Skip to main content

A galaxy far, far away...


Turn your most wayward apprentices from scruffy-lookin’ nerf herders into Jedi Masters with this creative writing and illustration workshop.
Creative writing workshop -- six sessions -- fiction

A few weeks ago, in a primary school not far away, six young boys strapped on their lightsabers, set the coordinates for the jump to light-speed and began a journey that they would never forget. Now stop making a lightsaber noise and concentrate...

This, of course, was a Star Wars creative writing and art workshop. Using graphic novels and the original movies as the starting point, the six Padawan writers were guided through the process of turning an idea (and enthusiasm) into rich, controlled story telling whilst also experimenting with simple illustrations. And worthy of Master Yoda, the results were.

Over the next week, I will post a series of short articles explaining how Star Wars in the classroom can turn your most wayward apprentices from scruffy-lookin’ nerf herders into Jedi Masters in the blink of a Gungan’s eye.

EPISODE I - Enter our reluctant heroes...The boys chosen for this workshop could be described as ‘reluctant’; it’s an easy word to use in Teacher Land to describe children who find our literacy lessons boring. Indeed, one boy readily announced: “I hate literacy” within five minutes of our first meeting, a sentiment that drew nods of support from the rest.

When it comes to Star Wars however, they were anything but. Rather than reluctant writers, this rebel crew could more accurately be described as ‘fervent’, ‘avid’, ‘keen as mustard’ and anything else the thesaurus can suggest. 

How did this workshop bridge that gap? It is Star Wars! It is hard to find decent Science Fiction texts to use with children. Many of the good, geeky, technical books can be too hard for primary school and the readable ones such as The Way Back Home don't have much science in them. The graphic novels I chose - Skywalker Strikes and Vader - were (mostly) readable AND full of action, even if some of it was a bit bloodthirsty. They were a tough and gritty read for Year 5 but that is, it seems, exactly what this group has been waiting for.  

By following their interest and neatly riding the crest of the wave following the release of the Force Awakens rather than struggling to encourage them to put pen to paper, the challenge was getting them to stop writing which is, I’m sure you’ll agree, a much nicer problem.

Next time... Developing sci-fi vocabulary and not worrying about the children being the experts! 

Popular posts from this blog

Creative writing based on Hokusai's The Great Wave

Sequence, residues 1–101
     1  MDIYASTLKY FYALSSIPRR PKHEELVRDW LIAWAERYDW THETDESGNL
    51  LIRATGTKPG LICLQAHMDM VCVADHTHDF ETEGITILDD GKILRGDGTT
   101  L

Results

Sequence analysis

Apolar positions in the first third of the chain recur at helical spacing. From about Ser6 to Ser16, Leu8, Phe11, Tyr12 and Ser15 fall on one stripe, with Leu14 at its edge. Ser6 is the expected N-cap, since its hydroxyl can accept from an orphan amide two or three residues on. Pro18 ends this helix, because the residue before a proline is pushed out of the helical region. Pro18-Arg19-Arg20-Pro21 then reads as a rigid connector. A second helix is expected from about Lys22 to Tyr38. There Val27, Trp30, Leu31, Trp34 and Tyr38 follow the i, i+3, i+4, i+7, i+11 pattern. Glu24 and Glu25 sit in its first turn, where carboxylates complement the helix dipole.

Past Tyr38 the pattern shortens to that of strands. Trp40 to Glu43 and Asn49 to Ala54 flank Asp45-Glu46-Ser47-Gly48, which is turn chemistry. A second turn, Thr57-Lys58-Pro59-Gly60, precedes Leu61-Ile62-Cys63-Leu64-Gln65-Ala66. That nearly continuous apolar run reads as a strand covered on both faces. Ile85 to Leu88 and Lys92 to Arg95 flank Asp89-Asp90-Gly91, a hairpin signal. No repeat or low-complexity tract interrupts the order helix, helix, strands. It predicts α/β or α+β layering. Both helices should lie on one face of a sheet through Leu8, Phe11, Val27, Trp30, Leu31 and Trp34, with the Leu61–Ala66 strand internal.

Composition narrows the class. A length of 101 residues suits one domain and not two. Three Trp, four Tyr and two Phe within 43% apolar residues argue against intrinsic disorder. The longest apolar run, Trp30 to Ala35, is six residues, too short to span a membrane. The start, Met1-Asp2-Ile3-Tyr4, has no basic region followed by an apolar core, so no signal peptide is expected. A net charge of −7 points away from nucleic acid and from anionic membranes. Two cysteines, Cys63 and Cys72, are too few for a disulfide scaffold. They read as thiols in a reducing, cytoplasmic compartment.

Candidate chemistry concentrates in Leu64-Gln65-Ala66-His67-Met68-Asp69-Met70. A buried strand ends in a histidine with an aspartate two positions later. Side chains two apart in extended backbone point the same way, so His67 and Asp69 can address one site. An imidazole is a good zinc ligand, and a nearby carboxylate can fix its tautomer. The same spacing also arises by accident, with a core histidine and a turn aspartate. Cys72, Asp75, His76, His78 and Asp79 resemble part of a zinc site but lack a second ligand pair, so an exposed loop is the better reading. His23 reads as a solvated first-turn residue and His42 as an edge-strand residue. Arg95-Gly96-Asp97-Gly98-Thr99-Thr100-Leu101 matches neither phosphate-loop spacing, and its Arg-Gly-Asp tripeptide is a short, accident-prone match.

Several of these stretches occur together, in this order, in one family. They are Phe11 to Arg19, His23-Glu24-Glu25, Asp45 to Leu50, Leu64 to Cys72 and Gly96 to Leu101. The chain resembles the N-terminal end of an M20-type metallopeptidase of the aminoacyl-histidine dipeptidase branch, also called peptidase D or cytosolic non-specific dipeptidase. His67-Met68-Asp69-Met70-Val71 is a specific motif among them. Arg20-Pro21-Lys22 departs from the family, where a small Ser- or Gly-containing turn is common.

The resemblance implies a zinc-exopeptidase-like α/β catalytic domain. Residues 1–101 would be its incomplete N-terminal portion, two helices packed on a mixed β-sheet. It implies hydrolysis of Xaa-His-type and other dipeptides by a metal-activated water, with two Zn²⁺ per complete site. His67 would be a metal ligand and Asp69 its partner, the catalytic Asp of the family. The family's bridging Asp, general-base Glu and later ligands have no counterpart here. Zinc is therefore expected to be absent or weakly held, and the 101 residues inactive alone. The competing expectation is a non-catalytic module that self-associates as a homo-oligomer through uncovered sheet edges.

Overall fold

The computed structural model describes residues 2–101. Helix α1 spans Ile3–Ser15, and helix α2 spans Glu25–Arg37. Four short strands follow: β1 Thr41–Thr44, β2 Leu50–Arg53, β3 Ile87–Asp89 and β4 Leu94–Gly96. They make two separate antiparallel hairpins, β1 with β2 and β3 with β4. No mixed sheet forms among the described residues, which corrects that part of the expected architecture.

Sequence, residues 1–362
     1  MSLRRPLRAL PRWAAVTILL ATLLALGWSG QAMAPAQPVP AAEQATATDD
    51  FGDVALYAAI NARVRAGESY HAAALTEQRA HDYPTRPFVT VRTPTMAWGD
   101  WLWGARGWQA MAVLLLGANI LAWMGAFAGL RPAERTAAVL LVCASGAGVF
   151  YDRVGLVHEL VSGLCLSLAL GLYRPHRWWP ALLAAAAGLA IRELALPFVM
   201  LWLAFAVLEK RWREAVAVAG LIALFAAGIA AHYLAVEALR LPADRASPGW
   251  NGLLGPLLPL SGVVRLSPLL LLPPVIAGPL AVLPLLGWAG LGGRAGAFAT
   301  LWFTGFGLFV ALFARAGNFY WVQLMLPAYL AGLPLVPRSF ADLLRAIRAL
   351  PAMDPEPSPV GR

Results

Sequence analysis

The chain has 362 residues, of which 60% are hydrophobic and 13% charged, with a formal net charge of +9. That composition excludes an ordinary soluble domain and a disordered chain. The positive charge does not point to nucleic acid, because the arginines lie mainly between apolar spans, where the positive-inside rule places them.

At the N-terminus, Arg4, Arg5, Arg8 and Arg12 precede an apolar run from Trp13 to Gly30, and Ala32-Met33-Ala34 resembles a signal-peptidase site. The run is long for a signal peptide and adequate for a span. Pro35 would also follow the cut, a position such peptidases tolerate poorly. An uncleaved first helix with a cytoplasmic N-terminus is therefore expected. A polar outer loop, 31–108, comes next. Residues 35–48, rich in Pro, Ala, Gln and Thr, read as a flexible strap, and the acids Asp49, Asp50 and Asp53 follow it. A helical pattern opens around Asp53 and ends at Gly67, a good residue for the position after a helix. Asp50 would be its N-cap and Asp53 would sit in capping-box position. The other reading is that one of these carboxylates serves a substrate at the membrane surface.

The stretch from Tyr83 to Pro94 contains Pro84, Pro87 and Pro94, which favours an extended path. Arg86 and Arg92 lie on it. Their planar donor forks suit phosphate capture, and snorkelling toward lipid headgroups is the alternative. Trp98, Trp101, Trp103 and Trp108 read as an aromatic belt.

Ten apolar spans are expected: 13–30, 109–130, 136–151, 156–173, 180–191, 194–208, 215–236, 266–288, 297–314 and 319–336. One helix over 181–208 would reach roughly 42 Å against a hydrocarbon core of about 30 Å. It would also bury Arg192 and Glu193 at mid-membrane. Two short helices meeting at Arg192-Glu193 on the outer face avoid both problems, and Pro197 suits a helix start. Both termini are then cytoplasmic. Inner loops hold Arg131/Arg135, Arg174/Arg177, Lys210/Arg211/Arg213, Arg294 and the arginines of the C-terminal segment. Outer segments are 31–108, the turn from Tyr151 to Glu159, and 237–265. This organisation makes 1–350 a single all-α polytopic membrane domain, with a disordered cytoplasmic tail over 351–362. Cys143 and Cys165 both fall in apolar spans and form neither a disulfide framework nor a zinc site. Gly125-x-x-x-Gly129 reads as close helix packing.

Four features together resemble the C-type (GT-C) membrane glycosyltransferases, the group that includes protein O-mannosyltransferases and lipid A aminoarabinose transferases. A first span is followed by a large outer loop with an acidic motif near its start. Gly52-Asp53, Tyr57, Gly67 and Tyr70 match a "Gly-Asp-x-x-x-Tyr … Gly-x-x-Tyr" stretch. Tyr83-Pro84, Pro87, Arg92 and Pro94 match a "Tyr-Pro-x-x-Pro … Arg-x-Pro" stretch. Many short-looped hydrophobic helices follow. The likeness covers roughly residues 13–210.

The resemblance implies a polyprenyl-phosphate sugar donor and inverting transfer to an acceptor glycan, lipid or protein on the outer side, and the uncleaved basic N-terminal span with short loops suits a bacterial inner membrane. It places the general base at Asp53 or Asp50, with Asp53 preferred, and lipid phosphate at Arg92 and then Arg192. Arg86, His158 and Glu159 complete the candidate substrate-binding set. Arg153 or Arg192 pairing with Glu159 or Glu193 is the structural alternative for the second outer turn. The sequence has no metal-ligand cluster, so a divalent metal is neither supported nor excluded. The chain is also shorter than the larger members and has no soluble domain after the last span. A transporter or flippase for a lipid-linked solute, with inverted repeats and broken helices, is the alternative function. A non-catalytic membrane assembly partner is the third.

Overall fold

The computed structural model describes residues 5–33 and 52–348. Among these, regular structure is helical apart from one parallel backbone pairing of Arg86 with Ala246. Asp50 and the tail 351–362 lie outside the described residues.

The Great Wave - Creative writing workshop, Year 6

Week 1: Vocabulary development








Inspired by Japanese artist Hokusai's masterpiece The Great Wave, Year 6 are starting on a creative voyage to bring the iconic print to literary life! We spent some time poring over the features of painting: the spray, the wave, the boats and, well hidden, Mount Fuji.

After reading an account of Ellen MacArthur's sailing voyages, we began to generate some cutting edge vocabulary to give our writing some sparkle.

This was the process:
Children labelled the features of the picture, including parts of the wave (crest, barrel, swell, lip)We chose personified verbs for the different features. 'Grabbing', 'scratching' and 'grasping' for the finger-like lip of the wave; 'screaming', 'slapping' and 'whistling' for the wind.The group selected similes for each of the features. The wind became 'a bellowing dragon', the boats were 'a floating feather&…

Filthy wretch or poor thing? Rethinking the Island, KS2, Week 1

A treat for the final half term - a new workshop at a delightful school in Leeds! This half term I am working with two Year 5 teachers to develop a cross-year group, cross-curricular writing project based on my favourite picture book, Armin Greder's The Island. I've done this book many times and every time the response is different!
This week, we got to grips with the facts, possibilities and mysteries of the story. What do we know about the story so far? (we only ever read up to page 6 to leave it on a knife edge...) What doesn't this story tell us and what could we infer or predict?    
We looked at the crowd of islanders who 'welcome' the stranger's arrival. As in every class, country or community, no group ever sees the world the same way and we discussed how the islanders might react differently to the man. Is he a poor thing who needs to be rescued? Is he a curiosity? Is he a threat?
We each adopted an islander and took on their perspective for a great dra…

Blood thirsty Macbeth posters

Macbeth
Creative writing workshop, KS2
Macbeth is a blood-drenched, gory and spooky tale. Too gruesome for little ones? Apparently not! The Year 4 and 5 children I have been working with this half term have become completely immersed in the Scottish play.  As well as getting the children to write short playscripts, developing the climactic showdown between Macbeth and Macduff (more on this at a later date), my groups have designed some concept posters for the play. The children chose a colour and symbol that represented some aspect of the play (bloody red, royal purple, a black cat for the witches, a chess piece for the king) and overlayed it with words that help tell the story. We used emulsion paint and big worn-out brushes (the ones at the back of the cupboard that nobody uses...) to achieve a battle-worn, scratchy effect. Gory blood splatters went down a treat too! Here are some fine examples!